Ads, Memes, And Arguments

Are you getting the message across? Let’s plunge into the Deeper Waters and find out.

Since I live in Georgia, when I turn on YouTube, I will often see political ads. These are pertaining to a coming runoff election in Georgia. What I notice often as a problem with ads is that you simply have a soundbite of about thirty seconds and for whatever party you’re on, that’s not enough to make a case.

Consider ads against the Democrats. We’re told in them that these people running for Senate will be able to bring about the third term of Obama and continue a socialist agenda. Now if you’re a conservative like me who doesn’t like any of that, that sounds persuasive to you.

But what if you weren’t? What if you were someone who liked Obama and who likes the idea of socialism? The ad could actually get you to vote the exact opposite way. Unfortunately, there’s no message coming across of “Here’s why this is bad” or “Here’s why this is good.” If it’s anything, it’s a few brief statements and certainly not an argument.

Memes on the internet are the same way. People who share memes thinking they are convincing arguments are fools. Usually, memes come loaded with presuppositions of what people already think. If you buy into the thought prior, the meme is convincing. If you don’t, it isn’t.

Now if you have made an argument prior, I’m fine with using a meme as an illustration. I’m also fine with using a meme as a point of humor in an argument. We all know that they can be incredibly funny. What I have a problem with is thinking they are the argument itself.

We can also do this in our evangelism today. If you go up to someone and just quote the Bible, it’s not going to be fully persuasive. After all, if they believed the Bible, they would be on the path to being a Christian. (I say this because cults will say they believe the Bible as well.) Your preacher’s point might sound persuasive, but to a skeptic, it might not.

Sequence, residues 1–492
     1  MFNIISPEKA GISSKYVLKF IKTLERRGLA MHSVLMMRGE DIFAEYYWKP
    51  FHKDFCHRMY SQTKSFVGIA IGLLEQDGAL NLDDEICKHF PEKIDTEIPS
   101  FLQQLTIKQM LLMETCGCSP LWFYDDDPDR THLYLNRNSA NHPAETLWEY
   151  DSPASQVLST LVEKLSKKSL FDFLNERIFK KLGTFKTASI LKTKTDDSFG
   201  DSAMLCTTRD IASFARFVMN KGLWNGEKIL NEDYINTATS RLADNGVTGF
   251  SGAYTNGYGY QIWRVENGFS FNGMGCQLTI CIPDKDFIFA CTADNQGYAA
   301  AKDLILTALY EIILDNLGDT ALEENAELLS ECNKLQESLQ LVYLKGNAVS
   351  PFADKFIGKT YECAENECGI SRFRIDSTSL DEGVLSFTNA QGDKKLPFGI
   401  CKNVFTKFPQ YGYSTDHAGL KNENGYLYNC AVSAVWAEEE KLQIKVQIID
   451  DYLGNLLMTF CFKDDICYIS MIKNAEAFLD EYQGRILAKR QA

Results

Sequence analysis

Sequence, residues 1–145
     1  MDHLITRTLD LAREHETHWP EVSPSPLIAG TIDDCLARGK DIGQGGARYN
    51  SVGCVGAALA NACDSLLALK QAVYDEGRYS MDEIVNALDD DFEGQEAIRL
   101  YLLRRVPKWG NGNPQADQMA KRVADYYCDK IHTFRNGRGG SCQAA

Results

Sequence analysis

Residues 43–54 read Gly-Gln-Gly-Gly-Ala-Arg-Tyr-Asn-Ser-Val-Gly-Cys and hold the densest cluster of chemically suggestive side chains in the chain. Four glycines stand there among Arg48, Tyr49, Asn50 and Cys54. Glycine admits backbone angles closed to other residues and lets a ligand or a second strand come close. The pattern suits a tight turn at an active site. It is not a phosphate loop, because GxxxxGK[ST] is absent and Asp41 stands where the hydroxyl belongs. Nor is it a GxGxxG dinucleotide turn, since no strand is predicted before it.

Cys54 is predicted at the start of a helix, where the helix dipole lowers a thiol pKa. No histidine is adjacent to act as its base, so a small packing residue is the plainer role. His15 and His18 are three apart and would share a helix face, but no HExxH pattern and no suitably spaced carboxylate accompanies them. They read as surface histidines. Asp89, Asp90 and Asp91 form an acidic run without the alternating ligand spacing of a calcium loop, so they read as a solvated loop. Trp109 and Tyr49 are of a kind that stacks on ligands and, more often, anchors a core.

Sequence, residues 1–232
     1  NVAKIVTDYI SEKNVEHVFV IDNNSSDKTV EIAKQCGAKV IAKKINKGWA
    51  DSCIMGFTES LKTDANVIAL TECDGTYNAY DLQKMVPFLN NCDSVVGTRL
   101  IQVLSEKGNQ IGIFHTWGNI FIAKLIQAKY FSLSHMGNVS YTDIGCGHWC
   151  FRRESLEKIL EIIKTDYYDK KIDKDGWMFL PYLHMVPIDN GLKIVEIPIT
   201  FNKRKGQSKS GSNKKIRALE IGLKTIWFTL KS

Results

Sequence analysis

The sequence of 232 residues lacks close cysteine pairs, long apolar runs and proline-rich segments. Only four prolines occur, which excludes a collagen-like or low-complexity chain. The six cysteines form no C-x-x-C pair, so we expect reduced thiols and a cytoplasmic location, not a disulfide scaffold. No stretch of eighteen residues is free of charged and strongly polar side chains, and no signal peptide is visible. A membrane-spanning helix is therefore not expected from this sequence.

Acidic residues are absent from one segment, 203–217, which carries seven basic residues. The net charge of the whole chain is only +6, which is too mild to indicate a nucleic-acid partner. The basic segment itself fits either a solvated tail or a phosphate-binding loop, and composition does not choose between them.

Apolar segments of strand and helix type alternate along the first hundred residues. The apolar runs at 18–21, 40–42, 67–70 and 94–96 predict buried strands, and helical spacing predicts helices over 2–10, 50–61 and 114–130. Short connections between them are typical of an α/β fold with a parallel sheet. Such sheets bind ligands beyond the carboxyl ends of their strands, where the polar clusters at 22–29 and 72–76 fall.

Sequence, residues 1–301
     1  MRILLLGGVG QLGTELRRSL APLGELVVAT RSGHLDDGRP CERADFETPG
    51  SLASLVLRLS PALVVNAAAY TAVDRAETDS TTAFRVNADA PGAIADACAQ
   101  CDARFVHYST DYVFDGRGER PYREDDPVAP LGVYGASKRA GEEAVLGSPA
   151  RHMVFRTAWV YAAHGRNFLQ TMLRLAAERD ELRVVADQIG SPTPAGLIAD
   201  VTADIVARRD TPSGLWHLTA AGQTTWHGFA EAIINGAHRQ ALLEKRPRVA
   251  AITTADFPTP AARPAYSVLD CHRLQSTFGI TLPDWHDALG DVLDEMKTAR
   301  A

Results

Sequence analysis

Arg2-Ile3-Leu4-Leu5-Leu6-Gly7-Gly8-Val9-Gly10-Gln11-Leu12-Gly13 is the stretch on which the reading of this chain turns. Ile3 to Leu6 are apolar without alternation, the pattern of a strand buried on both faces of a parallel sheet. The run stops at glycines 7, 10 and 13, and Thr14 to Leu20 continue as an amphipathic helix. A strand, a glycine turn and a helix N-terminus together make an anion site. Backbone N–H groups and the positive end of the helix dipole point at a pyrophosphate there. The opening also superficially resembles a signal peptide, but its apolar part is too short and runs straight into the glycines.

Remember how a few weeks ago I shared how the worship leader at my church said that weapons and items like that had been found at the bottom of a Red Sea in a row? The average layman might have found that convincing. Your average skeptic will not and if he goes home and looks it up or looks it up right there, he could be greatly disappointed.

Internet atheists do the same thing. An account will be thrown out because it contains miracles and I have never understood the point of going after Christians because they believe that a dead man came back to life or that a virgin gave birth (Which I do affirm). This is part and parcel of Christianity. To make the argument that this is stupid, you need to show that miracles are impossible or go even further and show that there is no God who can do miracles. If you go up to someone who believes in God and tells them their religion includes miracles, why should that be a negative?

This is one more reason you try to understand what the other person believes. You need to make an argument that depends on what they believe and showing that that is false instead of going with just what you believe. If your ad or meme starts with what you already agree with, it won’t convince at all, except for people who are already convinced.

This will sadly require work that most people just won’t do. Most people won’t engage on both sides and most people will be persuaded by memes and ads because they are not taking the arguments seriously enough. Don’t be one of those people and you’ll be more persuasive in the end.

In Christ,
Nick Peters
(And I affirm the virgin birth)

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